Las Vegas shooting: Marilou Danley, gunman’s girlfriend, says she had no warning about massacre

 In U.S.
The girlfriend of Stephen Paddock, the gunman who opened fire on a country music festival in Las Vegas earlier this week, said Wednesday she had no warning about his plans to carry out the massacre and pledged to cooperate with authorities struggling to determine what sparked the deadliest mass shooting in modern American history.

“I knew Stephen Paddock as a kind, caring, quiet man,” Marilou Danley, Paddock’s girlfriend, said in a statement read by her attorney. “He never said anything to me or took any action that I was aware of that I understood in any way to be a warning that something horrible like this was going to happen.”

Danley’s comments came after she had become a key figure in the investigation into why Paddock, a 64-year-old retired accountant, opened fire from a 32nd floor hotel room above the Las Vegas Strip. When the gunfire erupted, Danley was out of the country, and she only returned to Los Angeles late Tuesday night before being interviewed by FBI agents on Wednesday. Investigators have been unable to identify a motive so far, and Danley’s statement, released after she spoke with the FBI, suggested she was as stunned as anyone by what happened.

Danley said Wednesday she had traveled to the Philippines because Paddock bought her a ticket to visit family there. Paddock then wired her money, she said, saying it was meant to help purchase a home for Danley and her family.

“I was grateful, but honestly, I was worried, that first, the unexpected trip home, and then the money, was a way of breaking up with me,” she said her statement, which was read aloud by her attorney. “It never occurred to me in any way whatsoever that he was planning violence against anyone.”

Authorities have described a chilling level of preparation in Paddock’s attack, saying he brought a small arsenal into a two-room suite on the 32nd floor of the Mandalay Bay Resort and Casino before raining bullets on the thousands of concertgoers far below. Paddock, who killed 58 people and injured hundreds of others, also set up cameras so he could monitor the approach by police. As SWAT officers closed in, he turned a gun on himself.

“I am devastated by the deaths and injuries that have occurred and my prayers go out to the victims and their families and all those who have been hurt by these awful events,” Danley said.

Danley is considered a critical witness in trying to decipher Paddock’s motive, according to a person familiar with the probe. Police have described her as a “person of interest,” though they have not suggested that she is considered an accomplice or involved in any way.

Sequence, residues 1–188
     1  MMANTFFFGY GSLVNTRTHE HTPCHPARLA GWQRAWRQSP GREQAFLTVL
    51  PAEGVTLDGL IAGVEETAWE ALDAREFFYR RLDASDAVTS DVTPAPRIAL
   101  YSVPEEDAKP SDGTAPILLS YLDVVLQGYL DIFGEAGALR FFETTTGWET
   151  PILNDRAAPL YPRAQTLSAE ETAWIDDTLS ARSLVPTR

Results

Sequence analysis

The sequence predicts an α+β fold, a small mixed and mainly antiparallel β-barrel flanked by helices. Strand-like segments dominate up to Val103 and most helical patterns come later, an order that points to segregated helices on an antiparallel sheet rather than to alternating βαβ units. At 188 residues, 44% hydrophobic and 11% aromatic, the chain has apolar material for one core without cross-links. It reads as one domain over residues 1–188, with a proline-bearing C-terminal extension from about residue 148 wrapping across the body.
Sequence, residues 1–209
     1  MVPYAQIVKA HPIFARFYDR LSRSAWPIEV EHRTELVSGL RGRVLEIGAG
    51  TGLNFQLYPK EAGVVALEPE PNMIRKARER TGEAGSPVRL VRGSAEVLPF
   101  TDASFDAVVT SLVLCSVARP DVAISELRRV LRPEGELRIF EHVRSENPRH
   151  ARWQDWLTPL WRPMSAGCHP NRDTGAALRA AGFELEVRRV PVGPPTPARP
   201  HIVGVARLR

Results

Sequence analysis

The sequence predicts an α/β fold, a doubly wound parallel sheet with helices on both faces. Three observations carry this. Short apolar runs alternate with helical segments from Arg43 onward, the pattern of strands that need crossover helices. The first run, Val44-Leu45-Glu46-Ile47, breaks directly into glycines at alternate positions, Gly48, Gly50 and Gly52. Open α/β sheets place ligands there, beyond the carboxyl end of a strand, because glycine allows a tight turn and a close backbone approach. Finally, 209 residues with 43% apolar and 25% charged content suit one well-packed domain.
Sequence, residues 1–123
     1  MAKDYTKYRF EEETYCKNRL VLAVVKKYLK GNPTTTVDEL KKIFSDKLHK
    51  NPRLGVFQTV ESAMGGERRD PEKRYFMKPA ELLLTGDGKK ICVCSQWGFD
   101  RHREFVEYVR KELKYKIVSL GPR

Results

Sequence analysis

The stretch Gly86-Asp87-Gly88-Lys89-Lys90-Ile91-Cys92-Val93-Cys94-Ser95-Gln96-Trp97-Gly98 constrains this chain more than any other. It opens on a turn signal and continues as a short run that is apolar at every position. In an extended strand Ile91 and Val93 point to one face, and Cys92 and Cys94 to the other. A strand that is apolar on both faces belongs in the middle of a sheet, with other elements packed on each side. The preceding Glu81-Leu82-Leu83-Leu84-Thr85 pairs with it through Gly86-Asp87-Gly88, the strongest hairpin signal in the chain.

Aaron Rouse, special agent in charge of the FBI’s Las Vegas division, declined to comment about Danley’s location and whether she was still considered a person of interest Wednesday night. She was not in federal custody, he said.

Speaking at a news briefing Wednesday night, Rouse said the investigation would take time, but he pledged that the bureau would get it right.

“We will get to the bottom of this no matter how long it takes,” Rouse said, adding that the FBI had deployed more than 100 personnel across the country to assist with the investigation.

While investigators still do not yet know what set Paddock off, they found evidence that he intended to inflict considerable damage, including thousands of rounds of ammunition in his room that was not fired, Las Vegas Metropolitan Police Department Sheriff Joseph Lombardo said at the same news briefing Wednesday.

Lombardo said detectives “keyed on” Paddock’s gun purchases in the two years before the attack and were exploring whether there was some event there, but were still investigating.

“Anything that would indicate this individual’s trigger point and would cause him to do such harm, we haven’t understood it yet,” Lombardo said.

Police have repeatedly said Paddock was the sole gunman, but they are still looking to see if he had any accomplices or help.

Lombardo said “you’ve got to make the assumption he had to have some help at some point,” given the amount of preparation and gear involved, but he said investigators had not identified any particular person.

Investigators also found evidence Paddock might have intended to escape the attack alive, Lombardo said, though he declined to say what that evidence was. Lombardo also said that a piece of paper was found in Paddock’s room, but said it was not a suicide note.

Lombardo also revised the number injured in the attack to 489, lower than a previous estimate offered by police. He said 317 had been discharged from the hospital. During the briefing, Lombardo laid out a detailed timeline of the incident, describing how officers heard the shots, closed in on Paddock’s suite and – 75-minutes later — breached the door to find Paddock dead.

Authorities expressed bafflement at what could have motivated the rampage. FBI Deputy Director Andrew McCabe said Wednesday he is surprised they have not found evidence pointing to the gunman’s motive yet.

“There’s all kinds of things that surprise us in each one of these events,” McCabe told CNBC. “This individual and this attack didn’t leave the sort of immediately accessible thumbprints that you find on some mass casualty attacks….We look for actual indicators of affiliation, of motive, of intent, and so far we’re not there. We don’t have those sort of indicators.”

McCabe said agents have been reconstructing “the life, the behavior, the pattern of activity of this individual and anyone and everyone who may have crossed his path in the days and the weeks leading up to this horrific event.”

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